Cheers

Pete

Peter Seymour-Howell13/05/2021 06:07:00
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Posted by Jon Lawes on 13/05/2021 05:25:02:

StevieGTR,

There are more figures to consider here, such as gearing, co-efficient of drag, weight, and distance you had available. Air density would affect both aerodynamics and efficiency of intercooling and the temperature of the air charge. Wind direction, gradient, tyre pressures, ground clearance, underfloor aerodynamics, following another vehicle and making use of its slipstream. An autobahn is longer than Elvington. Your skyline had (assuming it was the GTR and not a GTS or similar) an additional gearbox, propshaft and drive shafts to spin, presumably fatter rubber, so lots of additional parasitic drag as you are obviously aware. You are obviously aware of these factors as you are a petrolhead from your previously owned cars.

There are certainly enough variables that I wouldn't be decrying the integrity of another forum member.

Edited By Jon Lawes on 13/05/2021 05:25:34

Thanks, John, you just brought up a few points something which I had forgotten...there is no prop shaft on the 951, it has a torque tube which is a direct link between the engine in the front and gearbox (transaxle) in the rear, power loss through geartrain is mush less, yes it loses some through the drive shafts but not a lot. My car is much lower than standard, more than 30mm lower, the staggered tyre setup I have kept at original sizes, bigger tyres generally mean less performance, although they are now the highest speed rating available.

Cheers

Pete

Peter Seymour-Howell13/05/2021 06:13:03
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hmm.. not sure what happened to the text size in my last reply, sorry about that, hope tis one is better?.. I also forgot underbody aero panels.. the 951 is covered in them which are not only designed to affect downforce but also to direct the lowest pressure of air through the intercooler, the air literally gets sucked in due to the front shape and the underbody panels around the engine.

Pete

Peter Seymour-Howell13/05/2021 06:31:35
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I was sitting here thinking how can I show just how good a 951 really is as I know many don't believe it until they actually get behind the wheel. So here's the YT vid I mentioned of the 951 with just 280PS, well he says 270-280 , this is with road tyres and from a guy who learnt the circuit on a PlayStation?.....I have no idea of his driving experience, he's clearly switched on if a little mad... but then he's driving a car that can be trusted, you feel when it's near the limit and it's an easy car to correct when required, not something that most other cars can do in similar circumstances.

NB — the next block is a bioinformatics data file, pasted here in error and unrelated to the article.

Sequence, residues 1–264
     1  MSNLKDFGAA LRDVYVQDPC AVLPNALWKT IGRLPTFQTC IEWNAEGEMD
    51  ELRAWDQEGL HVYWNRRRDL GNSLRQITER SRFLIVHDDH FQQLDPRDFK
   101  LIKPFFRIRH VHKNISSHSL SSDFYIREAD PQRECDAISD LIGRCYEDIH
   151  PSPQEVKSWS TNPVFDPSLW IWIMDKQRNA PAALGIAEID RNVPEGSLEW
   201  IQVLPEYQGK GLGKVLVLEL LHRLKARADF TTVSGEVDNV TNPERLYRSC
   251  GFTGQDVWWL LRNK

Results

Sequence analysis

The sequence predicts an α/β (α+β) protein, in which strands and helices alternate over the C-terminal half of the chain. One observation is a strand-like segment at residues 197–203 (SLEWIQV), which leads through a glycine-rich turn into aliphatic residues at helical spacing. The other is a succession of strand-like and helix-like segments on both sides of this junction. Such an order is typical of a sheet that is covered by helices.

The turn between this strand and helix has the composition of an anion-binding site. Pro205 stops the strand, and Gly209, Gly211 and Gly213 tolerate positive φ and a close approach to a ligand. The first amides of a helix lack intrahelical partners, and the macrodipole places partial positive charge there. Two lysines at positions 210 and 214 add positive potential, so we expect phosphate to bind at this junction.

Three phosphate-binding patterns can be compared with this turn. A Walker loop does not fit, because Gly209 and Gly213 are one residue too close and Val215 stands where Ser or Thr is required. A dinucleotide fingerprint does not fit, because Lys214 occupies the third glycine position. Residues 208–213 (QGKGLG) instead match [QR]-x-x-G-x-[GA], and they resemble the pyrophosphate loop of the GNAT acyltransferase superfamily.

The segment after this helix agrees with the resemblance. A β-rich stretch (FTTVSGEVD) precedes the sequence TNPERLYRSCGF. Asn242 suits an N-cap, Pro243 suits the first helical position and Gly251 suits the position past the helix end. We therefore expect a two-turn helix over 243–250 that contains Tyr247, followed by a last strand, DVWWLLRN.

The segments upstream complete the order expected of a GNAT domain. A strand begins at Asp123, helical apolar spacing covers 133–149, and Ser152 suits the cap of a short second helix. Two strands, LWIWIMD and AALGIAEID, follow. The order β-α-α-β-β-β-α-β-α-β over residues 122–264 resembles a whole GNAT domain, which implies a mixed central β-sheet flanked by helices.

https://www.youtube.com/watch?v=_85099hlExA

Tim Stevens13/05/2021 15:45:47
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1430 forum posts

Readers might like to think about a rear-drive car with a torque tube but no prop shaft inside it, resulting in much less power loss. The age of miracles is not dead, indeed.

Regards, Tim

Steviegtr13/05/2021 16:01:37
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Posted by Tim Stevens on 13/05/2021 15:45:47:

Readers might like to think about a rear-drive car with a torque tube but no prop shaft inside it, resulting in much less power loss. The age of miracles is not dead, indeed.

Regards, Tim

Tim there is a propshaft inside the torque tube. Connected at the engine end with the clutch. The rear being a transaxle layout. Still the friction, just a nice layout.

Steve.

Samsaranda13/05/2021 17:38:02
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I am afraid that the “mystique “ of Porsche cars is lost on me, my son in law owned a 924 and one day I got a phone call from him, he had broken his arm which was in plaster, could I meet him and drive the Porsche home and keep it my garage. I was distinctly unimpressed with the drive home, I found the car very uncomfortable and the ride harsh, maybe I missed something or the car was a bad example, I grant it was at the bargain end of Porsches but it didn’t meet my expectations. If you really want to frighten yourselves then a number of circuits on a real racetrack in an Atom does it for me. Dave W

Michael Gilligan13/05/2021 17:51:57
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Posted by Peter Seymour-Howell on 13/05/2021 06:13:03:

hmm.. not sure what happened to the text size in my last reply, sorry about that […]

.

It’s very mundane compared with the car stories, but here goes:

You were replying to Jon ... But you did so within your quotation of his post, instead of below it.

The final part of Jon’s post was an Edit, which the forum puts in a smaller font

... and that formatting is carried over to what you are writing.

MichaelG.

Peter Seymour-Howell13/05/2021 18:18:47
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hmm.. guys.. the shaft does not have the Uj's as found on a car with a prop shaft, hence it loses less power than a car with a prop shaft.. The shaft is also lighter and thus less rolling mass. NO play from the U/J's and lighter makes a big difference on power loss from the engine to gearbox and thus to wheels It's years since I've played around with prop shafts but IIRC they are pretty heavy and large in diameter, 2, perhaps 3 inches? The solid shaft on the transaxle cars is only 1" diameter, ok it sits in a pretty substantial tube but that is not part of the turning mass, a lot of power is lost through a U/J.

BTW this tube adds a lot of strength/rigidity to the chassis, for example, you could remove the body and the rest of the components would remain upright just as with cars with separate chassis and body., it's also a huge safety factor, again IIRC back in the 80's the EU NCAP tried to enforce stricter safety rules in how high a speed, occupants in a car must be able to survive in a head-on crash. Today tests are performed at a speed of 50kph, the 951 was designed for people to be able to survive a head-on crash above 60 mph, nearly twice the speed of tests performed today. IIRC, only two vehicles ever passed this test before it was dropped as too ridiculous a requirement to put on manufactures. Before this was dropped only two cars passed this stricter test, the 944/951 and I believe the Renault 5 turbo, coincidentally both Homologated as Group B race cars.. This particular feature of the car is fairly new to me so please forgive me if I have any of this incorrect, I don't have the notes in front of me.

I know people who have been involved in very high-speed head-on crashes in a 951 and walk away with little injury, try doing that in any other car from any other period. The secret of the design is the torque tube casing having substantial steel claws which in a crash, grip the chassis tunnel and thus helping to stop the cabin from being squashed in a head-on crash, simple but clearly effective.

Regards

Pete.